Thursday, June 24, 2010

Dillenia excelsa var. tomentella: A new phenotype arising

Perhaps I ought to qualify my sub-title with a question mark, but I decided not to. I am quite willing to bet on my belief that a real significant change is indeed happening to this one tree - yes, this particular wild Simpoh tree in the rain forest of MacRitchie.

By all account - the leaf, flower, fruit, and tree structure - the tree is Dillenia excelsa var. tomentella; all, that is, but for one dramatic difference - it is flowering without petals. It ought to have but it has not. Never have I come across a tree of this species behaving apetalously.

In the course of my investigation, I visit the tree ten times within two consecutive weeks at different period of the day hoping to sight a flower with petals intact or fallen on the ground, but none whatsoever. Then, on the tenth day, after a much exhaustive search, I managed to find one on the forest floor.

This singularly detached petal, however, is abnormally small and hardly matching the documented size to say the least. It is even smaller that the sepals produced by the tree. For good measure, I opened up the few mature flower buds I could find but found no petals within any one of them. [Detailed photos below]

So, change is afoot though not a complete one. I do believe a new phenotype is arising but not quite there yet. As to what caused such a response from the tree, I do not know. Mutation? Effects of the environment or climate? A geneticist, a chemist or a climate scientist can tell us more. This tree certainly presents itself an opportune subject for scientific studies outside the confines of classical taxonomy, e.g. ecology and climate science.

The important test is, of course, sustainability of this new apetalous character. I would like to confirm it and also prove the viability of the seeds if any. The coming flowering seasons should hold the key.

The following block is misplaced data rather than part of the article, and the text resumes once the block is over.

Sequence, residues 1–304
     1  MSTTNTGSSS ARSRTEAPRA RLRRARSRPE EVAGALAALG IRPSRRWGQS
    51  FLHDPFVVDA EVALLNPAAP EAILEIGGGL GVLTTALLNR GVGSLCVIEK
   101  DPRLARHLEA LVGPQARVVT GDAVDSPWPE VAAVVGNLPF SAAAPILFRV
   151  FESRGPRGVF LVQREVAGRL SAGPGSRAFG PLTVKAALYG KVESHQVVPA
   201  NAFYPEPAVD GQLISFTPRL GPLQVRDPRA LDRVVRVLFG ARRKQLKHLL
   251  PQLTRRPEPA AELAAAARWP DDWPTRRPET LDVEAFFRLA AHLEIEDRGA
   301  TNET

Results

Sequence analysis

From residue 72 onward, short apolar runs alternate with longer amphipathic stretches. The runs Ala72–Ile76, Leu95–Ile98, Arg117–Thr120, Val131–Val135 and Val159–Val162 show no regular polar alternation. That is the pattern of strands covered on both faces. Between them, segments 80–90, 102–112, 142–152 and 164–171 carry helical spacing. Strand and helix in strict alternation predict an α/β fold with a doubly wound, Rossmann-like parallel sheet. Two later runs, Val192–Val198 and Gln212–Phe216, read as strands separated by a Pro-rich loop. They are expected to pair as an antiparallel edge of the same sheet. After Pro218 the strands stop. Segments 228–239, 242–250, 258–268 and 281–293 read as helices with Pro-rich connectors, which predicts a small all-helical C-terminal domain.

Relative size of flower; sepals 5, white with tinge of pink, fleshy and waxy.

Buds and open flowers: no yellow petals in sight.

Some mature buds found.

Buds opened for investigation: no petals found.

Result of a 10-day search: one abnormally small petal found.

Leaf elliptic, densely hairy beneath; leaf blade 8 to 10 inches long; margin entire.

Leaf stalk densely hairy; 2 to 3 inches long.

Leaf stalk deeply grooved above.

Bole straight; bark smooth; buttress roots none.

Tuesday, June 8, 2010

Athyrium accedens: New Record of Fern for Singapore

I am pleased to present you today a new record for Singapore - Athyrium accedens (Family: Woodsiaceae). I have found a small population of this fern in Bukit Timah Nature Reserve.

The late Prof. R. E. Holttum described it as a fern of shady mountain stream-sides, found in Malaya only on the Main Range and Taiping Hills. The specimens that I discovered were also near a stream. They are about a meter in height - simply pinnate, tufted and erect, and producing plantlets (asexually) on the rachis besides the usual spores (for sexual reproduction).

Some major characteristics below:

Pinnae (leaflets) - up to 15 per frond (leaf)

Each plantlet arising from the pinna (leaflet) axil.

This mature plantlet is ready to drop off and grow on its own.

Size and shape of pinna: tipped and broad; margin crenate or shallowly lobed.

Sori linear, forming the characteristic V-shaped arrangement.

Close-ups of sori (group or arrangement of spore cases / sporangia).

Stipe (stalk /stem) green, covered with minute and spiky protuberances.

Close-up of the protuberances: each one is actually a remnant stalk that has held a scale (thin membranous hair).

The rachis (branch extending from stipe bearing pinnae / leaflets) is grooved above.

Footnote: A New Record is a species already known to science but not known to occur previously in a certain botanical area in question. Now that Athyrium accedens has been found occurring in its natural state here, it can be added to the flora of Singapore as a native species. So in total, we have now 11 species of Athyrium in Singapore.

Wednesday, June 2, 2010

Chek Jawa, 2 June 2010: Timeless Embrace

Faith is the bird that feels the light
and sings when the dawn is still dark... (Tagore, Whisperings)

The world speaks to me in pictures
my soul answers in music... (Tagore, Whisperings)

Sometimes I feel like a
free in its flight,
but constantly aware
of looking for a place to rest;
searching for food to fill
the hunger within. And in my
freedom of movement, like the
we both are creatures of needs.
They must be fulfilled...

(Walter Rinder, Sometimes I feel like a bird)

It is only with the
that one

can see rightly;
what is essential
is invisible to the eye... (Antoine de Saint Exupery, The Little Prince)

Chek Jawa, may you be free forever.

All is well and swell; no oil slick at lagoon and sandbars.

Footnote: These 2 Great-billed Herons (above 3 photos) are often seen feeding at low tide in Chek Jawa. Today I saw them curling their necks in embrace. They stopped and embraced 4 times while walking together in the lagoon. Then they flew apart to resume feeding.